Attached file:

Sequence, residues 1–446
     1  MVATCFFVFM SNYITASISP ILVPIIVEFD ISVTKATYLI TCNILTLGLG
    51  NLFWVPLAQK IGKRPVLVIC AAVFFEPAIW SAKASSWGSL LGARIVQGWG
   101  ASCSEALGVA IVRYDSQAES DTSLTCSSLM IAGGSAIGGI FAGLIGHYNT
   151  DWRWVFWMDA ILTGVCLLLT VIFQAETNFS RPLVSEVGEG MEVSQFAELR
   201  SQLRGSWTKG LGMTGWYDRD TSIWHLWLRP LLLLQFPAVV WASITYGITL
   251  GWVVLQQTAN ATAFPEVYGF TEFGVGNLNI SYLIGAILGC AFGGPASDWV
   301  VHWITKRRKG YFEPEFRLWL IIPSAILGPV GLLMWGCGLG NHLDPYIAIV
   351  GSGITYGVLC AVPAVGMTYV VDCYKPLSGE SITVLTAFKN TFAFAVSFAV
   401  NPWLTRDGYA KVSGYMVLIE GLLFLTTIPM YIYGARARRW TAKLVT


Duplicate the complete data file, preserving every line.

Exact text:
Sequence, residues 1–446
     1  MVATCFFVFM SNYITASISP ILVPIIVEFD ISVTKATYLI TCNILTLGLG
    51  NLFWVPLAQK IGKRPVLVIC AAVFFEPAIW SAKASSWGSL LGARIVQGWG
   101  ASCSEALGVA IVRYDSQAES DTSLTCSSLM IAGGSAIGGI FAGLIGHYNT
   151  DWRWVFWMDA ILTGVCLLLT VIFQAETNFS RPLVSEVGEG MEVSQFAELR
   201  SQLRGSWTKG LGMTGWYDRD TSIWHLWLRP LLLLQFPAVV WASITYGITL
   251  GWVVLQQTAN ATAFPEVYGF TEFGVGNLNI SYLIGAILGC AFGGPASDWV
   301  VHWITKRRKG YFEPEFRLWL IIPSAILGPV GLLMWGCGLG NHLDPYIAIV
   351  GSGITYGVLC AVPAVGMTYV VDCYKPLSGE SITVLTAFKN TFAFAVSFAV
   401  NPWLTRDGYA KVSGYMVLIE GLLFLTTIPM YIYGARARRW TAKLVT